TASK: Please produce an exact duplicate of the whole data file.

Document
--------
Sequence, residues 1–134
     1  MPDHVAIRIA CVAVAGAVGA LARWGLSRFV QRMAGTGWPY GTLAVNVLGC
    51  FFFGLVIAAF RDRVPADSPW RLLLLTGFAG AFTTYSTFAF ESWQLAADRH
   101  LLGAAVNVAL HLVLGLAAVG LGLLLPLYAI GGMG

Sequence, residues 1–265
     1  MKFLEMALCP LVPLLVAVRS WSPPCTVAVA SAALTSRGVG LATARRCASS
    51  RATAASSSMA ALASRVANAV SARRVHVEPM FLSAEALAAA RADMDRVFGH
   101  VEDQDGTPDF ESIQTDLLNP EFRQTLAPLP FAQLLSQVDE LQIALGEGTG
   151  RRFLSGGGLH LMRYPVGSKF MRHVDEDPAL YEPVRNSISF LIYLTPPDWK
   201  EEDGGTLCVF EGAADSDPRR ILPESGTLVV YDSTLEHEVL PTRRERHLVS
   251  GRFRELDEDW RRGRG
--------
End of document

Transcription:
Sequence, residues 1–134
     1  MPDHVAIRIA CVAVAGAVGA LARWGLSRFV QRMAGTGWPY GTLAVNVLGC
    51  FFFGLVIAAF RDRVPADSPW RLLLLTGFAG AFTTYSTFAF ESWQLAADRH
   101  LLGAAVNVAL HLVLGLAAVG LGLLLPLYAI GGMG

Sequence, residues 1–265
     1  MKFLEMALCP LVPLLVAVRS WSPPCTVAVA SAALTSRGVG LATARRCASS
    51  RATAASSSMA ALASRVANAV SARRVHVEPM FLSAEALAAA RADMDRVFGH
   101  VEDQDGTPDF ESIQTDLLNP EFRQTLAPLP FAQLLSQVDE LQIALGEGTG
   151  RRFLSGGGLH LMRYPVGSKF MRHVDEDPAL YEPVRNSISF LIYLTPPDWK
   201  EEDGGTLCVF EGAADSDPRR ILPESGTLVV YDSTLEHEVL PTRRERHLVS
   251  GRFRELDEDW RRGRG